Search rates for blacks in Durham high, groups says
Police in Durham are searching the black motorists they stop at rates that easily top those of peer cities in North Carolina, a lawyer for the Southern Coalition for Social Justice told a city advisory group Wednesday.
In 2013, 82.5 percent of the motorists Durham police searched were black, the coalition’s Ian Mance told the city Human Relations Commission.
To the west, police in Winston-Salem targeted blacks with about 60 percent of their vehicle searches and their counterparts in Greensboro did likewise in about 70 percent of theirs, Mance said.
Motorist searches in both cities were less common across the board, he added.
“Overall, Durham police search motorists at a rate much greater than the statewide average,” Mance said. “Our search rate for black men is off the charts. We are the worst of the worst.”
The Durham Police Department’s search rate started climbing in mid-2006, when it was still under the command of former Chief Steve Chalmers.
Now, under Police Chief Jose Lopez, the practice of asking motorists to consent to a search even when there’s no probable cause to think them involved in a crime has “effectively been institutionalized,” Mance said.
He tied the trend to launch of the department’s “Operation Bull’s Eye” crime-fighting initiative in North-East Central Durham.
But that initiative got underway in the summer of 2007. A rise the year before would’ve coincided with a peak in the city’s violent-crime rate, which the department was under City Council pressure to bring under control.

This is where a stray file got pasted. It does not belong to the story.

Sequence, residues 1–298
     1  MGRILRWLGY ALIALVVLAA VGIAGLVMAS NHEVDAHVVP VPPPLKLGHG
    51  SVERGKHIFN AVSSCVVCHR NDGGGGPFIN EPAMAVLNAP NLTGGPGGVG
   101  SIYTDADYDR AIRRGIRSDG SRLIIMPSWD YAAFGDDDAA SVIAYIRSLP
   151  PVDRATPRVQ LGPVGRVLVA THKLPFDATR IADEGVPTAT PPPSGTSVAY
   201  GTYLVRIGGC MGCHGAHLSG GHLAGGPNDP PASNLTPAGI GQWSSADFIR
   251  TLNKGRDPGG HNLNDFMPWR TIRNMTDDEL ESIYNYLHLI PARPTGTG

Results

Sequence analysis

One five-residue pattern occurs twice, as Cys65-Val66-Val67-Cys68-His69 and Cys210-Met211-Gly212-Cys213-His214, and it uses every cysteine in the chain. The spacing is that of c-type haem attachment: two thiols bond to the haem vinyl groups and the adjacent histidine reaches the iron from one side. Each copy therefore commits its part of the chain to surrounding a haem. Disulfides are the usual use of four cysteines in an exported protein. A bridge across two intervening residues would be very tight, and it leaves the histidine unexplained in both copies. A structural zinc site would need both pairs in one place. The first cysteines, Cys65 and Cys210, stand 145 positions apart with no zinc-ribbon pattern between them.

The Police Department has not contested the search numbers, which coalition analysts derived from its reports to the state.
It has, however, acknowledged that most of the people it arrests are black.
That involves “no targeting of the group” on racial grounds because the numbers line up with what crime victims report to police about the people who wronged them, Deputy Police Chief Anthony Marsh told the Human Relations Commission in December.
Mance didn’t address that argument head-on, but he did say it’s likely police are using traffic checkpoints in the Bull’s Eye area as cover for drug-law enforcement that disproportionately affects minorities.
He mentioned the license checkpoint on Holloway Street last year that yielded the arrest of former UNC basketball star P.J. Hairston on charges of marijuana possession and driving without a license.
Prosecutors later dropped the charges, saying Hairston had completed a drug assessment and shown he had a valid license.
But the incident wound up ending Hairston’s basketball career at UNC, as he’d been driving an SUV rented by a convicted felon, Haydn “Fats” Thomas, a fact that sparked questions about possible violations of NCAA benefits-to-athletes rules.
Mance said the federal appeals court with jurisdiction over North Carolina has accepted the idea that it’s not proper to use traffic checkpoints as cover for drug enforcement.
The Southern Coalition for Social Justice is one of several groups that have challenged the Police Department’s enforcement practices, accusing it of racial profiling.
The coalition is Durham-based and headed by a board that counts among its members former City Councilman Farad Ali.